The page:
in Curatopia
The last Saite ruler, Psamtek III
Roger Forshaw

years, it developed around 550 BC with the rapid conquests of Cyrus the Great (559–530 BC), who went on to defeat the Babylonians in 539 BC. The territory continued to expand under his son, Cambyses II (530–522 BC), and eventually became more powerful than the earlier Babylonian and Assyrian Empires it replaced. By 522 BC, less than thirty years from its founding, the Persian Empire extended from the First Cataract in Egypt’s south to the Aegean coast and then eastwards to Central Asia. It was to become the largest ‘world empire’ known up to that time.2 Cambyses, on

in Egypt of the Saite pharaohs, 664–525 BC
Essam El Saeed

: Egyptian Literature. Proceedings of the Symposium Ancient Egyptian Literature: History and Forms’, Los Angeles, March 24–26, 1995 (Göttingen: Seminar für Ägyptologie und Koptologie), 17–41. Borghouts, J. F. (2008), ‘Trickster gods in the Egyptian pantheon’, in S. E. Thompson and P. Der Manuelian (eds.), Egypt and Beyond: Essays Presented to Leonard H. Lesko upon his Retirement from the Wilbour Chair of Egyptology at Brown University, June 2005 (Providence: Department of Egyptology and Ancient Western Asian Studies), 41–8. Broze, M. (1996), Mythe et roman en Égypte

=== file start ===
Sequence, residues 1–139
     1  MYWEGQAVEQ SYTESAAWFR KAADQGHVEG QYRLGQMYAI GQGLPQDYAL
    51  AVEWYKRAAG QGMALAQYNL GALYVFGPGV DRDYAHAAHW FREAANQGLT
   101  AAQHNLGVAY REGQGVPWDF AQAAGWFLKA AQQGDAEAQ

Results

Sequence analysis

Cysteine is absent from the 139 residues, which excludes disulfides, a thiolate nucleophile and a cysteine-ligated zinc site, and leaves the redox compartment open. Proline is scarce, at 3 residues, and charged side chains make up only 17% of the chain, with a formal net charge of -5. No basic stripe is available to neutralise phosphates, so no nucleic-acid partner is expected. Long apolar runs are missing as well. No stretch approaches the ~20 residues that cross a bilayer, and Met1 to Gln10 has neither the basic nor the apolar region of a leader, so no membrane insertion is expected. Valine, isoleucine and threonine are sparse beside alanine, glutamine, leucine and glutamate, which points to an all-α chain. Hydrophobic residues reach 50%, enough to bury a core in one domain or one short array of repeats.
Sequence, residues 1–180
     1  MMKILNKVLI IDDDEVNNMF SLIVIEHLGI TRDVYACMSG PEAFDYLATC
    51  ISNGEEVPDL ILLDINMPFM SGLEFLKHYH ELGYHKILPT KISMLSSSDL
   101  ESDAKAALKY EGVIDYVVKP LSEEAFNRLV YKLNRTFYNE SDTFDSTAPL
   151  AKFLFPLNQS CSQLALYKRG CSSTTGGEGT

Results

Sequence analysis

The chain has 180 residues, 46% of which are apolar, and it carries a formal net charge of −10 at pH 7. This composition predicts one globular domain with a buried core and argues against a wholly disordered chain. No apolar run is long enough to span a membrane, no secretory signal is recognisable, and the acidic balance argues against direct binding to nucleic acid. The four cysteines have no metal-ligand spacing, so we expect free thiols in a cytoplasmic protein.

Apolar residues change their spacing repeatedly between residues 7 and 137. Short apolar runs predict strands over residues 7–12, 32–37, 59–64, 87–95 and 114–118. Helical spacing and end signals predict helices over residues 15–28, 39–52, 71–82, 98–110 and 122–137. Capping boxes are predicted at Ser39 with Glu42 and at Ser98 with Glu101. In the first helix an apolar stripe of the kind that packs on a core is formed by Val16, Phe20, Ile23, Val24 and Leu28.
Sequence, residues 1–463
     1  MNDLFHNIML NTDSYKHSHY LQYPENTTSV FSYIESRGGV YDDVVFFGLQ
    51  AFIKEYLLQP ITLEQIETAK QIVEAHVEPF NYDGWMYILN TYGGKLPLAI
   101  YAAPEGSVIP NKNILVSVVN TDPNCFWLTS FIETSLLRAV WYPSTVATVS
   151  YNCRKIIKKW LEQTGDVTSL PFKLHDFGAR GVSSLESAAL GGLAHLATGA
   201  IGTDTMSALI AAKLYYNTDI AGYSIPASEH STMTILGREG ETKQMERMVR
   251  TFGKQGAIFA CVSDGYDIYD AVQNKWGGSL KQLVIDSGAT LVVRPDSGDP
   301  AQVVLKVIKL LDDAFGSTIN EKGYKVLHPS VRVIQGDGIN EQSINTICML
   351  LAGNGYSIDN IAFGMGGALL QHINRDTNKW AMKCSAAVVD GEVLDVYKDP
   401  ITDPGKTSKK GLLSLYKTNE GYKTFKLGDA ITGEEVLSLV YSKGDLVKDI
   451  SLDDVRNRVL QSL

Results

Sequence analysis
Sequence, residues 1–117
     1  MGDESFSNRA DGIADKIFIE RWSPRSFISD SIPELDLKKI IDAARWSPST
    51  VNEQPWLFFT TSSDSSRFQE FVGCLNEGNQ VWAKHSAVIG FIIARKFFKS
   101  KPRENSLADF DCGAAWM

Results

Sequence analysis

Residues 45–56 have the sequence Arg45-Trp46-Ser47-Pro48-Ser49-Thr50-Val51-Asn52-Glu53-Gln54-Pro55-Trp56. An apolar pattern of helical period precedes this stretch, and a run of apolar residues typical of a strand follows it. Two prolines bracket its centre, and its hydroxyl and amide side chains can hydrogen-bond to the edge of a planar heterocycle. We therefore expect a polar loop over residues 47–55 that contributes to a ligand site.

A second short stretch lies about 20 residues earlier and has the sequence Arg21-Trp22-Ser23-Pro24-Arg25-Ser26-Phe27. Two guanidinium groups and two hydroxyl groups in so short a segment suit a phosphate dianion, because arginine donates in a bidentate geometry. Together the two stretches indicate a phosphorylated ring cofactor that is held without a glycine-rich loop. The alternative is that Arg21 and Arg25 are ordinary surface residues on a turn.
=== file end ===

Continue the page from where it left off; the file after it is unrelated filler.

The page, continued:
in Mummies, magic and medicine in ancient Egypt
Foreign relations and internal reforms
Roger Forshaw

Petrie in 1886. In antiquity, the locality occupied a strategic position near the end of the ancient caravan land route from Syria–Palestine and would have been an ideal and easily provisioned starting point for expeditions towards Asia. Late in Psamtek’s reign a series of citadels and strongholds were constructed on the Levantine coast during the short period of Egyptian occupation there.13 One such garrison is that at Mezad Hashavyahu, on the coast, not far from Ashdod, where Greek pottery of the period 625–600 BC attests the presence of Greek occupants (see p. 82

in Egypt of the Saite pharaohs, 664–525 BC